She trotted to the next bedroom. There were two empty beds along the wall and a portrait with no subject pinned up. To Lottie’s relief, there were no bodies in this room. She opened every drawer and cupboard that would open, only to find cobwebs. Finally, she dropped to her knees and checked under the beds. Light from the tiny window filtered through the dust and illuminated a tiny book beneath the closest bed. Lottie fell to her stomach and pulled the book out.
Her fingers brushed the leather book covering and immediately, the phoenix pendent in her pocket felt as though it was on fire. Tears in her eyes, she reached for the charm, to try and pull it out when—
“Find anything?” Andrea whispered from the doorway.
Lottie wrapped her hand around the journal, covering it completely and stared at Andrea as she climbed to her feet. The pendent still burned in her pocket, but she couldn’t pull it out without Andrea noticing. Why should she lie and not tell Andrea about the diary? Lying never got her anywhere last time and Andrea just found out soon enough anyway. The book was made of leather and had strings wrapped tightly around it, keeping it shut. What was inside? Probably something really important. “Nothing,” she said quickly. “I didn’t find anything, except for a few spiders.” She would tell Andrea after she inspected it a few times and then they would take it to Palmyitor, telling her that they found it somewhere hidden in the castle.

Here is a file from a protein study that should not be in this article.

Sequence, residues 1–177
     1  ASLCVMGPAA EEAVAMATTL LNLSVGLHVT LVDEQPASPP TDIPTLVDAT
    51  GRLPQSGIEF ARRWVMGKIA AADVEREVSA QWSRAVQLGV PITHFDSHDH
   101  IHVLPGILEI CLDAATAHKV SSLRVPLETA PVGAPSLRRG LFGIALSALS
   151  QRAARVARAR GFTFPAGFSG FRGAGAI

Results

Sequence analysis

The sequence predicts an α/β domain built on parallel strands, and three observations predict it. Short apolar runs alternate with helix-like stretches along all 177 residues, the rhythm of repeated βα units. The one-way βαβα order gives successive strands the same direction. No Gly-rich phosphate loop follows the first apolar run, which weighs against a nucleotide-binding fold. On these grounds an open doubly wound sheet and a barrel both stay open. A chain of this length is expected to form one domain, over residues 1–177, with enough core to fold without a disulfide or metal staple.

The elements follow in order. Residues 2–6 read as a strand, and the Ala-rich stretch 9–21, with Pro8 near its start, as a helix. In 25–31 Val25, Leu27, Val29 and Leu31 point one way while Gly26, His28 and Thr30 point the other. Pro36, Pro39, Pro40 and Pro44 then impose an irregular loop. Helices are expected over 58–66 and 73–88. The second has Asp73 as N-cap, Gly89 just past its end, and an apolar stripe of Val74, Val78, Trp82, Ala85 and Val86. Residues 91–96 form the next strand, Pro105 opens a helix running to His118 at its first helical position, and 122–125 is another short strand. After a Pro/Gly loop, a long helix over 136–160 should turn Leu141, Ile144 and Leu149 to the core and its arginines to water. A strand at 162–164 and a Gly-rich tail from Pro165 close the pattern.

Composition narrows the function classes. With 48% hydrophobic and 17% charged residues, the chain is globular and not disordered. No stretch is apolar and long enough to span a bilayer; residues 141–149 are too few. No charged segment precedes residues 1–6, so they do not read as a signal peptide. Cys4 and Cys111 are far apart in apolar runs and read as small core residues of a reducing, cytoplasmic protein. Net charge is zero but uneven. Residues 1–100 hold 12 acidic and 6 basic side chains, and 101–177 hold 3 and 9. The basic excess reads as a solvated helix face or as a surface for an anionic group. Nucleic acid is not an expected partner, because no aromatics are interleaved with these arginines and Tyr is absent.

“I only found this.” Andrea held up a moth-eaten sweater with a large G on it. “Hardly of any value.”
“I wouldn’t worry. We still found a lot,” said Lottie casually. “Will it all fit in your bag?”
“I can try. And if worst comes to worst, I can just shrink our clothes.”
Once Andrea turned her back, Lottie slipped the diary back into her pocket. Everything else fit in Andrea’s bag, as it turned out, but packing lost them precious time. They were running late by the time they left the manor. The farther away from Grimmauld Place they got, the less the pendent burned. Lottie was extremely relieved to feel the chilly metal against the burn in her leg.
“We should,” Lottie panted, “see if one of the Death Eaters will—”
They stopped dead in their tracks. It was a Death Eater, but a woman this time.
“Help us back home,” Andrea said matter-of-factly. “We got lost.”
The woman paused for a moment before saying, “You know the rules about being out at this time.”
“Yes,” Lottie said, finally starting to wonder what time people were allowed out. “We were coming from a friend’s house and—”
The woman tsk-tsked from behind her mask. “I smell a rat,” she hissed. “Come with me.”
There was little either of them could do. Before they could ever reach for their wands, the woman had grabbed hold of their wrists and Disapperated.
Once the feeling of being pushed through a far-too-small space subsided, Lottie found herself in a cold room of stone. There were no windows. Lottie glanced over at Andrea, whose face was screwed up with concentration.